Physician-Patient Miscommunication Results in Medication Error
Howard Greller, MD
Fellow, Medical Toxicology
New York City Poison Control Center
455 First Avenue - Room 123
New York, NY 10016
Lewis S. Nelson, MD
Assistant Professor of Clinical Surgery / Emergency Med
Int J Med Toxicol 2003; 6(1): 3
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A Toxicologic Mystery
A 53-year-old man presents to the emergency department after taking the first dose of a medication prescribed to him by his private physician "for opioid withdrawal." He states that he last used heroin this morning, along with some methadone. He denies the use of alcohol, cocaine or other drugs of abuse. In the ED, he is agitated and diaphoretic. His heart rate is 112/min, RR 22/minute, and he is normotensive and afebrile. His finger stick blood glucose is 100 mg/dL, and the pulse oximeter reads 100% saturation on room air. His pupils are mildly dilated at 5 mm and they are reactive. His mucous membranes are moist; he has prominent, active bowel sounds and while in the ED he has an episode of diarrhea. His ECG shows sinus tachycardia at a rate of 112/minute, without axis or ischemic changes.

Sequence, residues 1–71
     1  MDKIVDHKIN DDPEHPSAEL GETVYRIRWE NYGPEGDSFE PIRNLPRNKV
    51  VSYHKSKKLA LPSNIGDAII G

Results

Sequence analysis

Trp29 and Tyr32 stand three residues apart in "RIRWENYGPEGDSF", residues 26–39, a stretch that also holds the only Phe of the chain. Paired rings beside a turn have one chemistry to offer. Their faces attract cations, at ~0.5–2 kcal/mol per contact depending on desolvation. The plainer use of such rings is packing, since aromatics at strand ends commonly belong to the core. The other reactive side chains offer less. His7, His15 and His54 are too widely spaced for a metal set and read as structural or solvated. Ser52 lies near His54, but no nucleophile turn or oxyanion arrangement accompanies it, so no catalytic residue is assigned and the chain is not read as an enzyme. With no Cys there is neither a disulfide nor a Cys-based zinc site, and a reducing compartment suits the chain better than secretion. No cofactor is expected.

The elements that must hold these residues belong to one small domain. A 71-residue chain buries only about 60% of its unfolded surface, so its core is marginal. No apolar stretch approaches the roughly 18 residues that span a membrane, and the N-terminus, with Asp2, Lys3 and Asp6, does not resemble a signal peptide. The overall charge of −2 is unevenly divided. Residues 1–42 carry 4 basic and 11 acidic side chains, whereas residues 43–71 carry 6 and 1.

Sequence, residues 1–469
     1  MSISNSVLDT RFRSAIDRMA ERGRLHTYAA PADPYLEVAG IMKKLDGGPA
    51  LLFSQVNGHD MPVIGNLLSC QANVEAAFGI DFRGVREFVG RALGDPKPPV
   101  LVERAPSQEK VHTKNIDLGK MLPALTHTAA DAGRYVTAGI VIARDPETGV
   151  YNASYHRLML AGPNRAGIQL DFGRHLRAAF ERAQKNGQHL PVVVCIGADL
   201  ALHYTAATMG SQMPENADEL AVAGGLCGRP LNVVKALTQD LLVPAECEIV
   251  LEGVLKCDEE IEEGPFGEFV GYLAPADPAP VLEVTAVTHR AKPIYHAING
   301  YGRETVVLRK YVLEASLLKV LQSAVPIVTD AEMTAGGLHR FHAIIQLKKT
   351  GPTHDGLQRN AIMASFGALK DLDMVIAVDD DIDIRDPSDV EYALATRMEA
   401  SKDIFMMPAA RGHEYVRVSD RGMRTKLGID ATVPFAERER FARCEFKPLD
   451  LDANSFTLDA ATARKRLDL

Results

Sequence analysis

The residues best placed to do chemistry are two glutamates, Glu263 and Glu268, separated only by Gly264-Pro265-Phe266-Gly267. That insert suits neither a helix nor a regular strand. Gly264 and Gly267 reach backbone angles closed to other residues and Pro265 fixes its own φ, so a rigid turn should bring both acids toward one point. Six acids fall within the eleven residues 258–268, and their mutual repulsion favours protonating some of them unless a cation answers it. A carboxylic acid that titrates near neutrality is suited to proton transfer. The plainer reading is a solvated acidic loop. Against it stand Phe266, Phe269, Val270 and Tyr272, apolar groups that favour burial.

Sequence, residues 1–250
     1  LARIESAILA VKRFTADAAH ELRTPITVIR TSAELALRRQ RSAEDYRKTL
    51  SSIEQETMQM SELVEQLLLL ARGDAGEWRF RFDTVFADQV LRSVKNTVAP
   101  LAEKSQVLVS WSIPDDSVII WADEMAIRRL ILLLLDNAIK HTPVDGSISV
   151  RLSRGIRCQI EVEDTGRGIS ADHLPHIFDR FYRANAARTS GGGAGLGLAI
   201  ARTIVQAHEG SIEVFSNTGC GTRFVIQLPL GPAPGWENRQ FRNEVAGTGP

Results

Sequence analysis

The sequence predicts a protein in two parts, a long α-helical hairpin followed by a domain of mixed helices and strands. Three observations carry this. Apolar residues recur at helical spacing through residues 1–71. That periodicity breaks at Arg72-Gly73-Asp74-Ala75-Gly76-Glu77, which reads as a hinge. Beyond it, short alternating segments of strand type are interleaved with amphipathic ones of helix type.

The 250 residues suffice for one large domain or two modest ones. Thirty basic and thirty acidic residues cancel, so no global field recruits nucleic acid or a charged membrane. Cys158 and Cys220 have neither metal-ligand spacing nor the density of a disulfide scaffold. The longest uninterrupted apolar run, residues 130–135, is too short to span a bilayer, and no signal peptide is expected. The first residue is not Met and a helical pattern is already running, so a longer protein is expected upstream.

The bottle of medication is pictured here:
What was he prescribed?
It was clear from the patient's initial presentation that he was suffering from acute opioid withdrawal. The classic constellation of symptoms includes nausea, vomiting, diaphoresis, yawning, rhinorrhea, piloerection, myalgias, arthralgias, and anxiety. While not a threat to life or limb, it is an emotionally and physically disturbing process. Therefore patients routinely seek, and physicians prescribe, medication "for opioid withdrawal." Some of the more common agents are listed below along with a brief synopsis of their clinical utility.